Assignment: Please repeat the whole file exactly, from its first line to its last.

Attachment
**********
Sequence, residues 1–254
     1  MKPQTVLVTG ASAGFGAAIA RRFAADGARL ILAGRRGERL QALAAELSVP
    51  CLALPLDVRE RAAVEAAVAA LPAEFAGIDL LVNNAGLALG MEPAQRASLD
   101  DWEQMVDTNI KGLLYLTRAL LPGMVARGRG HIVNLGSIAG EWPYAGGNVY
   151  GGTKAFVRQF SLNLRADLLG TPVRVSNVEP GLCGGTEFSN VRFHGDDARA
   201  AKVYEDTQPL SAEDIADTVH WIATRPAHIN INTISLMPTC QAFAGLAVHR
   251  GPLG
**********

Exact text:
Sequence, residues 1–254
     1  MKPQTVLVTG ASAGFGAAIA RRFAADGARL ILAGRRGERL QALAAELSVP
    51  CLALPLDVRE RAAVEAAVAA LPAEFAGIDL LVNNAGLALG MEPAQRASLD
   101  DWEQMVDTNI KGLLYLTRAL LPGMVARGRG HIVNLGSIAG EWPYAGGNVY
   151  GGTKAFVRQF SLNLRADLLG TPVRVSNVEP GLCGGTEFSN VRFHGDDARA
   201  AKVYEDTQPL SAEDIADTVH WIATRPAHIN INTISLMPTC QAFAGLAVHR
   251  GPLG